Advances in Stroke
Advances in Interventional Radiology 2013
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Acute Stroke Treatment
The simultaneous publication of 3 randomized control trials comparing intravenous thrombolysis therapy to the endovascular treatment (EVT) of acute ischemic stroke might have lead to the erroneous conclusion that EVT has no place in the management of acute ischemic stroke.1–3 However, careful analysis of these studies shows that these reports have shortcomings because of changes in imaging and device technology and to study designs.4,5
These randomized control trials have demonstrated that the EVT is not deleterious for the patients and subgroup analyses in Interventional Management of Stroke III have shown that the EVT can provide some benefits for some patients. Dedicated research in the area of EVT of stroke continues to expand having the goal to optimize devices, techniques, and c-arm–based imaging. The new generation of stent-retrievers has shown great improvement during the earlier technology6,7; however, further refinements are desired to select patients properly that will benefit from EVT, efficiently transfer those patients selected for EVT to the angiosuite, and to facilitate all aspects of the thrombectomy procedure to provide rapid and complete revascularization.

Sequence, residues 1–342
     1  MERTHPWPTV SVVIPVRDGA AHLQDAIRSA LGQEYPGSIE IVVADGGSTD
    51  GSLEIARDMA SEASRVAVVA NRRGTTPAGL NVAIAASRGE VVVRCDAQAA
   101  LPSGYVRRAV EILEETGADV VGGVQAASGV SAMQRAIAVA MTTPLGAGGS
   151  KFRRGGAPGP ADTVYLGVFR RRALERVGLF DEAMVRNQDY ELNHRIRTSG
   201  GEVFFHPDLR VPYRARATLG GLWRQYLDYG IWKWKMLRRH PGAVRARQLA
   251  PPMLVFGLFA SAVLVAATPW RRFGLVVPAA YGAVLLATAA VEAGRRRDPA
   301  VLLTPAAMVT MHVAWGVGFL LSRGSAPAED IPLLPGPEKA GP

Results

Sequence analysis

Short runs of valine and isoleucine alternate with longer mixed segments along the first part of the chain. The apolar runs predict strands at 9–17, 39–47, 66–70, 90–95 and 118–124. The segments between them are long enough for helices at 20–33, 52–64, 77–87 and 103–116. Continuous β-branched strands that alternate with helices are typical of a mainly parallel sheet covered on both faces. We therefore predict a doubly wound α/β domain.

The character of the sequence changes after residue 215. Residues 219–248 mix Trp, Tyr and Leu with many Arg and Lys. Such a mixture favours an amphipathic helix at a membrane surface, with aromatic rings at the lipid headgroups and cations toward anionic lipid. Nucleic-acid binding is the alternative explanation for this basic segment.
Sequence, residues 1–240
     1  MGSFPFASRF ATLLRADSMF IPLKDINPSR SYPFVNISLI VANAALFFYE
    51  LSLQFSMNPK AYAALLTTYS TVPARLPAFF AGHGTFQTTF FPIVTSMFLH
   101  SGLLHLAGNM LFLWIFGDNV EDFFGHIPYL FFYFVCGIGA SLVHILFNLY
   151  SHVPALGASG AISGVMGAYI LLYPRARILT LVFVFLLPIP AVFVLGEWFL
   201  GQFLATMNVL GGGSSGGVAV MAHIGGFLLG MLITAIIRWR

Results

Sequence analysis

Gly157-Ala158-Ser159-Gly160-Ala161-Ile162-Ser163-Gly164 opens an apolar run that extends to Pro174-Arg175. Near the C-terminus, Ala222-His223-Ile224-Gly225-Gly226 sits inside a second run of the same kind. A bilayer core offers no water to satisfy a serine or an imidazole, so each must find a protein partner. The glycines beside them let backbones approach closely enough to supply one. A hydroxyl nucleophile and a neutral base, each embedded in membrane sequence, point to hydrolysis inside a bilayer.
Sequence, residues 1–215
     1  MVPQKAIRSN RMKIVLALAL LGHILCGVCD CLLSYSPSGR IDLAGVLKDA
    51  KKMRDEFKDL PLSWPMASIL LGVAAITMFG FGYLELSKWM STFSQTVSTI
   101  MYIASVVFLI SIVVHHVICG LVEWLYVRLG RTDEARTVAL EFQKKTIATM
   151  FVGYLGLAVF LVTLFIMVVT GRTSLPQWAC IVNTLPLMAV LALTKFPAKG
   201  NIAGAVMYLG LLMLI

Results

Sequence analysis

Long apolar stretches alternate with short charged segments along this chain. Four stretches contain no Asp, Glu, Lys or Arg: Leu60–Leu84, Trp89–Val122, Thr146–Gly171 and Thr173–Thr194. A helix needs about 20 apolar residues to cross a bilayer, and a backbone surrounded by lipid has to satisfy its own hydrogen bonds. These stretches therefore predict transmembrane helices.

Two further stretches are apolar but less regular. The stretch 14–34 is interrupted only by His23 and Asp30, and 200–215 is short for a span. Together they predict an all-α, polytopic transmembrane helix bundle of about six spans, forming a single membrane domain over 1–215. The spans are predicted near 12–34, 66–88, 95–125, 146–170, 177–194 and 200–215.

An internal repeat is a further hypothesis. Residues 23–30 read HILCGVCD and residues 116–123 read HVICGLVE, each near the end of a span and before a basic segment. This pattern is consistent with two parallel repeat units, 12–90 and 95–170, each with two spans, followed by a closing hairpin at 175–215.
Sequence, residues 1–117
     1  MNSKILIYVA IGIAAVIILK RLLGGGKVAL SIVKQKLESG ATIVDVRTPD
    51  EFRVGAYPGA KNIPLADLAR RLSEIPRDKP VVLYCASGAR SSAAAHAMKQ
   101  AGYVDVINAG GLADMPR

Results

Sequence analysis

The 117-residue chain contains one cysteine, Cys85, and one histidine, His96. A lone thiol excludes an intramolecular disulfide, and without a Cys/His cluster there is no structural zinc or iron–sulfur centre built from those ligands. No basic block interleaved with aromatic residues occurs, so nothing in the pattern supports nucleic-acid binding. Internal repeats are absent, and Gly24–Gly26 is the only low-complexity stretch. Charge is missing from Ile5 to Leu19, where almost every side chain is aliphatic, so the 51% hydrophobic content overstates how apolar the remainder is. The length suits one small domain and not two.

A potential factor that may contribute to poor clinical outcomes in mechanical thrombectomy is fragmentation of the clot leading to downstream emboli. This has been characterized in vitro, and reduction of distal emboli was achieved using a proximal balloon guide catheter with aspiration during stent-retriever EVT.8 This experimental approach has been validated by clinical data that show the use of the balloon guide catheter is an independent predictor of good functional outcome at 90 days.9
Although the role of perfusion computed tomography in triage of acute ischemic stroke is still debated,10 tremendous advances to perform perfusion imaging with c-arms in the angiosuite have been realized …